The Gyms, Boxes, Studios, and Classes Shaping Up Bangkok
We’ve come a long way since the reign of “California Wow.” These days going to the gym can mean myriad things. Are you doing CrossFit? A boot camp? Or are you into TRX, the suspended cables allowing workouts and movements eerily similar to the deltoid-busting acrobatics of Circque du Soleil? There are now more options than ever to burn belly fat and boost red blood cells. With health and wellness guiding lifestyle choices—and not everyone so keen to run lap after lap in Lumpini—it’s a good time to explore the ever-expanding options of gyms and fitness programmes in Bangkok.
High-intensity, dynamic workouts that stimulate mind and body are the current craze, CrossFit in particular. The beauty of CrossFit programmes is that beginners can work out alongside advanced athletes, since each session—typically incorporating a warm-up, skill development, and a high-intensity effort often called the WOD, or “workout of the day”—can be modified. There’s little room for intimidation when the playing field is determined by your personal limits. Besides, everyone lets out the same guttural grunts, the same hair-raising screams, when performing a clean and jerk.
Located beside the Chinese cemetery on Silom Soi 9, CrossFit Ten500 is as much about community as it is getting in a good workout. Small and intimate, with classes led by highly active and vocal trainers, all athletes in effect receive plenty of personal attention. That sense of community lingers long after the WOD. From family-style picnics to post-workout photo ops—in which everyone looks as shattered as moviegoers emerging from “Fifty Shades of Grey”—Ten500 verifies that misery truly loves company. Classes last an hour, and a few hours each day are allocated to open gym. For those still wary of the CrossFit credo, Ten500 offers free one-week passes. Get your feet wet. If it’s for you, the rates (B3500 for one month, B9000 for three) are reasonable, if not downright affordable.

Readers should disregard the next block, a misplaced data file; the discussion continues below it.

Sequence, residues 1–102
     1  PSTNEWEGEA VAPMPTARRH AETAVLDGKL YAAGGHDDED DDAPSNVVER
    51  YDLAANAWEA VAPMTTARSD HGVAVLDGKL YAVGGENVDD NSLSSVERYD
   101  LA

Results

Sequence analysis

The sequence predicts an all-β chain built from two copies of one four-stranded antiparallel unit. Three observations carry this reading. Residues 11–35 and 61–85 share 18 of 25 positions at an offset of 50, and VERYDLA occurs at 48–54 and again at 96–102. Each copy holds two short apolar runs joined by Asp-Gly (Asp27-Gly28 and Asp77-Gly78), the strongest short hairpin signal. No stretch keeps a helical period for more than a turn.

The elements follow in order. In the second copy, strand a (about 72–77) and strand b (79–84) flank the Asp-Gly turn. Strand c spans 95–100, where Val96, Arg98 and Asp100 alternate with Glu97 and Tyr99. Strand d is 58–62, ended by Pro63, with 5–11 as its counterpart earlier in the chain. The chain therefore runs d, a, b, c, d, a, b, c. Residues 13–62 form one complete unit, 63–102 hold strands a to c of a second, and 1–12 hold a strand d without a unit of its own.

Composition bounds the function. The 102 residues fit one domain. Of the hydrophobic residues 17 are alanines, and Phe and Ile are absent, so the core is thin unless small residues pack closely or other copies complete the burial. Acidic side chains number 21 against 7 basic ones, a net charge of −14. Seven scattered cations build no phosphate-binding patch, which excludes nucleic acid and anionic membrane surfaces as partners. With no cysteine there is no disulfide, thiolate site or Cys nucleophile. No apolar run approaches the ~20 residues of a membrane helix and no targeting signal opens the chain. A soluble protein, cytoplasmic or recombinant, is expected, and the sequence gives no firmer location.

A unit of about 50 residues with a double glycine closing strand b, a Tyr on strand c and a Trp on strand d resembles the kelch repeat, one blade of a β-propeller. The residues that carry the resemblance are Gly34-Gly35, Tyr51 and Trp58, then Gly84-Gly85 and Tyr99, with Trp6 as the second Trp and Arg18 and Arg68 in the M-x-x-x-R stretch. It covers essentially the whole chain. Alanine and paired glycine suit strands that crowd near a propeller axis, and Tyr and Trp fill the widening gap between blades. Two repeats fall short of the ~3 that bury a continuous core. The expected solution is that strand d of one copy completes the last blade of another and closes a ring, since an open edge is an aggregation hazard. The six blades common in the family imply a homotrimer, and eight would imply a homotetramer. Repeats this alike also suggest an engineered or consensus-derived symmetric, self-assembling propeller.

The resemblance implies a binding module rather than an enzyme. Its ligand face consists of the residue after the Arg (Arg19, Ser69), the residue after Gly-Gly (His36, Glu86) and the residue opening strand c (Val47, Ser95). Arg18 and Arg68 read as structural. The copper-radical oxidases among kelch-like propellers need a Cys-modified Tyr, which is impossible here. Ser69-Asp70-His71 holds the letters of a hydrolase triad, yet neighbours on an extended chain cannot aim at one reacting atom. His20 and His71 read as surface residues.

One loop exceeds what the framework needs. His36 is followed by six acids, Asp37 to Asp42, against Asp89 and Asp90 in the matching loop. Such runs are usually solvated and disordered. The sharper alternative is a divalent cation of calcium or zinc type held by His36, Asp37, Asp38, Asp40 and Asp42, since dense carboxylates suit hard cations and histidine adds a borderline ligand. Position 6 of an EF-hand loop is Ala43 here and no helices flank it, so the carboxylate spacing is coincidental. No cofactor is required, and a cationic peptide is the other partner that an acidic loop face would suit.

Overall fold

Across the city, Ari CrossFit has gained a loyal and fun-loving clientele thanks to the gym’s equally loyal and fun-loving trainers. Many patrons are (or were) true beginners, getting into CrossFit as a more engaging alternative to running, swimming, or Muay Thai, and often having discovered the box from the Internet or by word-of-mouth. And then they’re hooked. Ari CrossFit’s social media is filled with testimonials. For example, one member named Franklin, who had never tried CrossFit but wanted to give it a shot as a way to trim weight, says he finds inspiration in watching (and no doubt hearing) other members “grind and improve” around him. Besides CrossFit classes, the box also offers “whole life challenges,” eight-week-long programmes helping individuals make healthier lifestyle choices, from getting better sleep to drinking more water and meditating each day.
Training Ground in Phra Khanong is perhaps most representative of the warehouse zeitgeist of Western gyms. Opened in 2014, the self-declared largest CrossFit and strength and conditioning gym in Asia features squat racks, chin-up bars, and medicine balls carefully placed on a spacious mat spread across the floor and a smattering of graffiti on tall white walls. Training Ground is home to East West CrossFit, a platform emphasising Olympic-style weightlifting and strength development. But that’s not all. Patrons can sign up for yoga, personal training, and boot camps. From functional strength to Olympic lifting, this massive, airy space has all fronts covered. Plus, they’re not afraid to let loose—Beervana hosted its third anniversary at Training Ground. Why not live a little?